Some interesting things were brought up after many writers said their piece and dropped the issue and I want to address these things as I’m accused of lacking in this area (as are others). No, I’m not trying to keep the ball rolling. I want to clarify several points that others brought up because I feel too many words are being bandied about in an effort to shut people up. I don’t care if it upsets anyone. “Bitchy much, Renee?” Of course. That is part of my character. But seriously, I think that this is an important topic to cover as a writer and for other writers to consider. I’ll explain once I define.

Reputation: ‘the result of what you do, what you say, and what other people say about you’. (Wikipedia)

Your reputation is built on how you intentionally present yourself (but only minutely), how others evaluate you to be (mostly) and how the two combine. Reputation changes constantly and is based on errors, deception, and manipulation by you or others around you. It might be based purely on misinformation in public forums, but can also be based on facts, as in ‘real life’ actions.

Reputation is powerful as it might not even be realized by the person it sticks to, and is out of their control. It is more of an ‘eyes of the beholder’ type of thing. You can do what you will to change, improve or eliminate it, but it is how others choose to see you that will define your reputation. Is it accurate? Most often, no it is not.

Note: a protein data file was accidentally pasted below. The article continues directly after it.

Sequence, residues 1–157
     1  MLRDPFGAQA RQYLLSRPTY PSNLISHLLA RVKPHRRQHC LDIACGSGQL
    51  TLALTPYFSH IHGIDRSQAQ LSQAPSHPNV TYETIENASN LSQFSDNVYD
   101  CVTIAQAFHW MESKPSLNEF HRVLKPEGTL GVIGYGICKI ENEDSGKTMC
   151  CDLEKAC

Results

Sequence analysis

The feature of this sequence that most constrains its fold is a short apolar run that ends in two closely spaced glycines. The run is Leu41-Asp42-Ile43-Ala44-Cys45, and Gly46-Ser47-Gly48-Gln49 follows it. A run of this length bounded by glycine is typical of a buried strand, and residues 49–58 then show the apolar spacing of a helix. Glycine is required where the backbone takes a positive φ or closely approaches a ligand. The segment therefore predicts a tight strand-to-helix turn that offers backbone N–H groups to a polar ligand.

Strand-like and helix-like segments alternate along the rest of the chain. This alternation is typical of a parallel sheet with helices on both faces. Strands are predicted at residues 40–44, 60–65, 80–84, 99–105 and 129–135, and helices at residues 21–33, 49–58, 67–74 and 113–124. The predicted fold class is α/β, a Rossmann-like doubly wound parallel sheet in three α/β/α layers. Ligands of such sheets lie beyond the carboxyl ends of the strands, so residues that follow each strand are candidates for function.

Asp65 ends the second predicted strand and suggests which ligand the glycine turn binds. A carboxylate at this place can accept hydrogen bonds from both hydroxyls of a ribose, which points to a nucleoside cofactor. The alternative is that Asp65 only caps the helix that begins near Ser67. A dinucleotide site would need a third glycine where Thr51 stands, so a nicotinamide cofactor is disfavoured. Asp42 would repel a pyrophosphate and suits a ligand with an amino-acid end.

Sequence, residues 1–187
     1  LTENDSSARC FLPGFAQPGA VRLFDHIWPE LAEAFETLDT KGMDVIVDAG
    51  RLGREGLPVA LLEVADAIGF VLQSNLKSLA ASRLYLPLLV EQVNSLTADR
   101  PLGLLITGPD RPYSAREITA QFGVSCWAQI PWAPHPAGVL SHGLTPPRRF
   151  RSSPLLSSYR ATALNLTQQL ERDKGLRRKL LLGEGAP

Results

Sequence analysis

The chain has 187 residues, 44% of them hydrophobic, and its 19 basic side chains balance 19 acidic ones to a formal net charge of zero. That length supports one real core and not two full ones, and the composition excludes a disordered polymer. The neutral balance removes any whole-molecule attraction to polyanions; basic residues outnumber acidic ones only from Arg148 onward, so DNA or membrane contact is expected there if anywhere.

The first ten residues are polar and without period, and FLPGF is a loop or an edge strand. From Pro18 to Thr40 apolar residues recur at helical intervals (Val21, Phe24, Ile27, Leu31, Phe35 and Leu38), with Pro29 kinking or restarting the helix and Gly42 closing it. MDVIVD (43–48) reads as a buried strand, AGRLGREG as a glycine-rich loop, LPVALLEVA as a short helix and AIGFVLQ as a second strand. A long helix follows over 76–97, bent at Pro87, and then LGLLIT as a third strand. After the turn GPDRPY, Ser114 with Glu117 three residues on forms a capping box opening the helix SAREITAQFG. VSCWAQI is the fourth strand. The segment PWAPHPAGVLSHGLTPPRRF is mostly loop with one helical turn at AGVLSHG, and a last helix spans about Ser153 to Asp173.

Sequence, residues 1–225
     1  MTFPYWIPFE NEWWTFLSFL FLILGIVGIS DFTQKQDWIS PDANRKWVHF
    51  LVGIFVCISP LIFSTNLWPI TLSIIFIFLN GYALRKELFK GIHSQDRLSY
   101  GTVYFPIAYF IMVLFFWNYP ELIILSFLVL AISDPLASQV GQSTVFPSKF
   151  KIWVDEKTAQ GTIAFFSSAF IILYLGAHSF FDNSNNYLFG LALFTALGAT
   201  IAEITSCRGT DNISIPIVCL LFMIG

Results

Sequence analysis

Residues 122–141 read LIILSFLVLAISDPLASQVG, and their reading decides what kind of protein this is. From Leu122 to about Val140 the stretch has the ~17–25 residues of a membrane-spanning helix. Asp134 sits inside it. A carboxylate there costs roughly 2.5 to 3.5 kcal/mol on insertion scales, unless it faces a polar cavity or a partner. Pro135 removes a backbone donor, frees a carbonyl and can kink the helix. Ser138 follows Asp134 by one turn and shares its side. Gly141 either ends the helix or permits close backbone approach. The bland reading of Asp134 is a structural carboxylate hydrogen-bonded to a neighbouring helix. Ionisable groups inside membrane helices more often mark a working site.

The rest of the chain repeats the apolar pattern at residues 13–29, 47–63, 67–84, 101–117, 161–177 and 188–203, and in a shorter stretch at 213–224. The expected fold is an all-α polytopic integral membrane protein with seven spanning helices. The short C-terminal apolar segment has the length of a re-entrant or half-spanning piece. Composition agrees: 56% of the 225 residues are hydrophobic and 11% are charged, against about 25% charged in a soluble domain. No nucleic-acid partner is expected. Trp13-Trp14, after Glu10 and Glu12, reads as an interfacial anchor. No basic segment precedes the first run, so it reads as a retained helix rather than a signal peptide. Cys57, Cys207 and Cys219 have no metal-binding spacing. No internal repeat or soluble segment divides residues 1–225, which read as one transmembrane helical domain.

Many a man’s reputation would not know his character if they met on the street.
Elbert Hubbard

Character can be defined many ways, but the character that I am discussing here involves the features or traits that form the individual quality of a person. Many consider someone with good character to have qualities like courage, integrity and honesty. Bad character, by contrast, is defined as showing dishonesty, cowardice and malice. Many people around you do not realize your true character and often confuse this with reputation. Reputation stains character, but it does not define it. Who you are inside is something that most don’t look hard enough to learn.

Be more concerned with your character than your reputation, because your character is what you really are, while your reputation is merely what others think you are.
John Wooden

Opinion: a subjective (existing in the mind; personal; individual) statement or thought about an issue or topic. It’s the result of your personal emotions or how you interpret facts. Often, when reviewing or critiquing, opinions are (and should be) supported by an argument or substantiated fact. Opinions rarely change based on new facts because they are such a personal thing. An opinion is the result of a person’s perspective, understanding, feelings, beliefs, and motivations. In general opinions are not often based in knowledge and fact-based beliefs but a personal ‘feeling’.

Too often we… enjoy the comfort of opinion without the discomfort of thought.
John F. Kennedy